Memories of an admiring expat
How can this be? Disbelief consumed me even as flames consumed the centuries-old Notre Dame cathedral in Paris yesterday. Like the rest of the world, I watched transfixed as the horrific inferno swallowed one of mankind’s most enduring and graceful architectural accomplishments.
Like millions of pilgrims through the ages, I have stood marveling at the base of this magnificent gothic structure, walked reverently through its medieval passages, and stood in awe of its craftsmanship and beauty. For two years, Notre Dame provided a constant backdrop for my daily life. My husband and I lived in a neat flat with our two young daughters just a few miles from the cathedral, expats on a grand Parisian adventure.
On frequent visits, our girls delighted in lighting the tall, thin tapers stationed beneath statues of the great saints. In the days and weeks following the terrorist attacks of 9-11 back home, I reclaimed a sense of peace while tucked prayerfully in the corners of the cathedral softly illuminated by intricate stained glass windows.
I have seen Notre Dame in every season. In the gloom of winter, it sparkles. On brisk fall days, its charm is magnified while sipping hot chocolate at the café across the Seine. Spring is best, when the flowering trees on the Île de la Cité bloom and lovers linger along the Quai de Montebello.
For close to 900 years, Notre Dame has been a place that both showcases and transcends our collective understanding of human history — a place that celebrates human achievement but also stirs the desire to be spiritually embraced. Even in an age where fewer and fewer claim religious faith, Notre Dame has remained a timeless symbol of tradition, continuity, and permanence. As sure as the sun rises and sets each day, we have been comforted by a certainty that, always at the heart of Paris, Notre Dame stands firm.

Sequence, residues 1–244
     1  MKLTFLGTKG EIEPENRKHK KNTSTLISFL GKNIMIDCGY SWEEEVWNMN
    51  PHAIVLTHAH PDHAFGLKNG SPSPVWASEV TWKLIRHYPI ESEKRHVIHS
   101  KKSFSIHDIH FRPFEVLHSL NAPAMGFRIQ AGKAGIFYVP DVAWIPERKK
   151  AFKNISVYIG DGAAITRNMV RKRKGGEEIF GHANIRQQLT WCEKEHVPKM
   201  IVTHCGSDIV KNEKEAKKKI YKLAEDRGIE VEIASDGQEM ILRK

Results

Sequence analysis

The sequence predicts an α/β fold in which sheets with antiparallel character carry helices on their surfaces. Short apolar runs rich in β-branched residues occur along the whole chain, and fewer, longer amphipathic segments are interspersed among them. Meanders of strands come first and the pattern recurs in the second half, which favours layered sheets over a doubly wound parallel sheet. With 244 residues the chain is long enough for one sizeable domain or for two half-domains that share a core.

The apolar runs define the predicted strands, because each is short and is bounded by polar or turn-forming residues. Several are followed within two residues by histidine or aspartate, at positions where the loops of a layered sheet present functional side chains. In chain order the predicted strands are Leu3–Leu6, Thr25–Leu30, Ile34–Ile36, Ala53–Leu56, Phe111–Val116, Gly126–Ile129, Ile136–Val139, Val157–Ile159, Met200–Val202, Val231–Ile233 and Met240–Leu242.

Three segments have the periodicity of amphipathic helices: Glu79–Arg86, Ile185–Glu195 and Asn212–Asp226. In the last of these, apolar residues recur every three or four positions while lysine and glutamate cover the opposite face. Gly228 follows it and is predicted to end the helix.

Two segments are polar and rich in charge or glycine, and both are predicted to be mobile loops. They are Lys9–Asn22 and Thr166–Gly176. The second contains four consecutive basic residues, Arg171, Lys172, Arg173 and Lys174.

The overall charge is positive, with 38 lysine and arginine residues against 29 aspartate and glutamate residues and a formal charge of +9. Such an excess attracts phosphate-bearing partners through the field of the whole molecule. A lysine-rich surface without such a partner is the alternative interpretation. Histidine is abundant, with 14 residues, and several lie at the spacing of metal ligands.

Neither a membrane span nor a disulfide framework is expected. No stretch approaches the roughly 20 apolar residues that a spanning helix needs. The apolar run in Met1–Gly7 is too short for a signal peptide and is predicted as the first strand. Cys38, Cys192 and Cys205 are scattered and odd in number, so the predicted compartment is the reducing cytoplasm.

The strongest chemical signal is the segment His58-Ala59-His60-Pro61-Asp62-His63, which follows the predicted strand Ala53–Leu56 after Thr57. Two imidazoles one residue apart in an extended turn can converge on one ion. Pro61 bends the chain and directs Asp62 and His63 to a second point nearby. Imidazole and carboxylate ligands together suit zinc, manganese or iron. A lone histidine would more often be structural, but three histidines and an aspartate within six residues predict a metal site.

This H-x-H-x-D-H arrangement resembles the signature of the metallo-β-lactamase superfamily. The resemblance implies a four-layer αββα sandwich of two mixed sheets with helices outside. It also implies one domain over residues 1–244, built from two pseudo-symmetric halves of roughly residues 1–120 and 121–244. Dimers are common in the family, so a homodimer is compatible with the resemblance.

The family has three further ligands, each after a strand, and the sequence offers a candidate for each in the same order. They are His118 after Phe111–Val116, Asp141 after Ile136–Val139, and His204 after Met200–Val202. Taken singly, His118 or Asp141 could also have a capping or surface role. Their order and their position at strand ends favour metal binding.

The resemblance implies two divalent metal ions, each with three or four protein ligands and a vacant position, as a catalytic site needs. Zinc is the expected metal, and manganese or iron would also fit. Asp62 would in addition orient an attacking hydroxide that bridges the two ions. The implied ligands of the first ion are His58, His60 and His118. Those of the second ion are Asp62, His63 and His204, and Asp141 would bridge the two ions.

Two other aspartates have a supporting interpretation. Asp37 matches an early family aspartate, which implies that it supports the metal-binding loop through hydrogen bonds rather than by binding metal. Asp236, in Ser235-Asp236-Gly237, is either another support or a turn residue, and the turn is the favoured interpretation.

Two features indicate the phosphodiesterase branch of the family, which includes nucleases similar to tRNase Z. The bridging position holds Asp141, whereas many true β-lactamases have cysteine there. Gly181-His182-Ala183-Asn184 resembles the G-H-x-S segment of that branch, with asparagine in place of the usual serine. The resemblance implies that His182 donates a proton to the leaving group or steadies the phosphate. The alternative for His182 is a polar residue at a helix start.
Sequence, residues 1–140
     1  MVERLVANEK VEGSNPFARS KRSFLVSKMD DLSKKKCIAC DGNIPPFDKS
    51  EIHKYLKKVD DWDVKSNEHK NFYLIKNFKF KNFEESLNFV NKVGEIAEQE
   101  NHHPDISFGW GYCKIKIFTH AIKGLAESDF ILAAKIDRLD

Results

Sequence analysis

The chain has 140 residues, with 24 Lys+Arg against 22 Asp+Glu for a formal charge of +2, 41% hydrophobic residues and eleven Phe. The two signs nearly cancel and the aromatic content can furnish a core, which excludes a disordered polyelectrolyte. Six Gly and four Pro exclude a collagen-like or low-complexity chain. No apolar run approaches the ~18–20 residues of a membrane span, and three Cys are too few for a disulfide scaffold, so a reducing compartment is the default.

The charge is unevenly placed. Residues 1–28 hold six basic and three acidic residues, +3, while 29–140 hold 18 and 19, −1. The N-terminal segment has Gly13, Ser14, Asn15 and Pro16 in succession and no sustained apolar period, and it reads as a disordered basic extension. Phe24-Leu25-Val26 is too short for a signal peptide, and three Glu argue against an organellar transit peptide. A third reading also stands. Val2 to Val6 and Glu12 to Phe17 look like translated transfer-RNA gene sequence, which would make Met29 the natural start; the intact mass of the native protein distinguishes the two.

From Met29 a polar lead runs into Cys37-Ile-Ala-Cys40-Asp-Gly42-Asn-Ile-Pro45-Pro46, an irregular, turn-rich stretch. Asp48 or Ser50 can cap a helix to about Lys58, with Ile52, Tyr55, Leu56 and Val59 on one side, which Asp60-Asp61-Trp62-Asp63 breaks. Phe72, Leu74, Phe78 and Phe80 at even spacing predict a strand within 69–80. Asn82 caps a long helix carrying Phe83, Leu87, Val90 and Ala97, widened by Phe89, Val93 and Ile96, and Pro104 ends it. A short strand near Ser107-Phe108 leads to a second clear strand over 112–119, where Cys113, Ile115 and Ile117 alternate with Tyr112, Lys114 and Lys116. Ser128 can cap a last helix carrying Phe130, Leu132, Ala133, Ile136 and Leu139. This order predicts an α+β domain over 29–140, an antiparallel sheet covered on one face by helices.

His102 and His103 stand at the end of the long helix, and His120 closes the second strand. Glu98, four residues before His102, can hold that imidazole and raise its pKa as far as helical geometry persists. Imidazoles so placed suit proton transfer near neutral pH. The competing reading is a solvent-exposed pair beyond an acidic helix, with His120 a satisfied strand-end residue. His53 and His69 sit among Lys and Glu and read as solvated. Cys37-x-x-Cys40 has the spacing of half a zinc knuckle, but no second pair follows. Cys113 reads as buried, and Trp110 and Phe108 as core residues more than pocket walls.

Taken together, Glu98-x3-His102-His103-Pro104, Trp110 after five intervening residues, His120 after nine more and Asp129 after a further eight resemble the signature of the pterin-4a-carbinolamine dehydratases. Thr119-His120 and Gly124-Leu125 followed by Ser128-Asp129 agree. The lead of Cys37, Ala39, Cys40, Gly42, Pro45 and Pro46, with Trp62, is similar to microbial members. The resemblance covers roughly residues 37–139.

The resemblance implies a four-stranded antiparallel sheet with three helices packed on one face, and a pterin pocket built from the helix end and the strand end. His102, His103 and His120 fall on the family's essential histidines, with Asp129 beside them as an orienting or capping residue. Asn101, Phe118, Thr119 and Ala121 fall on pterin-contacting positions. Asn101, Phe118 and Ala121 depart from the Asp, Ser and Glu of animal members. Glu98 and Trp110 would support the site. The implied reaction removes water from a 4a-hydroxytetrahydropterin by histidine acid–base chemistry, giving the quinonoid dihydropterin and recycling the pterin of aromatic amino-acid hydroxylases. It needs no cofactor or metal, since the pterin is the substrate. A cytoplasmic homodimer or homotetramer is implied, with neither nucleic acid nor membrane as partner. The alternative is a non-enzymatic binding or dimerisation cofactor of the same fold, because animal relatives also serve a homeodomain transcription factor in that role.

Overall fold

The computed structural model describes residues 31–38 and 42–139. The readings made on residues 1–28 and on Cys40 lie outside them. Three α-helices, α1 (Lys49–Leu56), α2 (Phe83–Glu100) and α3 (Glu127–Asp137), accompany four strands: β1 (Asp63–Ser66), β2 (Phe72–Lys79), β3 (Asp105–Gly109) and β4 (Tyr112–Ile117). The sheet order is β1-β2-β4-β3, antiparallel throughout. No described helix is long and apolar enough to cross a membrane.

This spring will be different. The constant we perceive is perhaps not as secure as we imagine.
Our comfort and certainty tumbled with a fiery crash yesterday along with the great spire that has watched over Paris for generations. Suddenly, we were reminded of our own vulnerability, indeed, of our own mortality. If even the most durable symbols of strength and grandeur can be compromised so easily, how much more fragile are we in our packages of flesh and blood.
The fire burned through the night, but as the smoke cleared and a new day dawned, the two iconic bell towers remained intact and the three priceless rose windows have survived. Despite the loss of the roof and spire and significant damage to the choir and the nave, much of the edifice of Notre Dame has been saved. Already, promises have been made and money pledged to rebuild that which was lost.
Why has the firestorm that enveloped and threatened to destroy Notre Dame the day after Palm Sunday so captured our attention? Why were the streets of Paris filled with prayerful citizens, tourists, and passersby even as the skies glowed hot with the angry blaze? Why were the eyes of the world fixed on Twitter and television reports from the City of Light? Perhaps the answer can be found in an understanding that Notre Dame embodies the sense of community, identity, and connection we all crave but too often neglect and increasingly perceive to be slipping away.
One of the first images to emerge from the ruins of the fire was a picture of the altar and the cross above it, both preserved amidst the rubble. For billions of Christians around the world, this beautiful image captures the hope we have in a God who loves us even when all else crumbles and falls away. As we approach Easter and the celebration of the resurrected Christ, the tragedy and the hope of Notre Dame stand as reminders of Jesus’ own words: “Heaven and earth will pass away, but my words will not pass away.”
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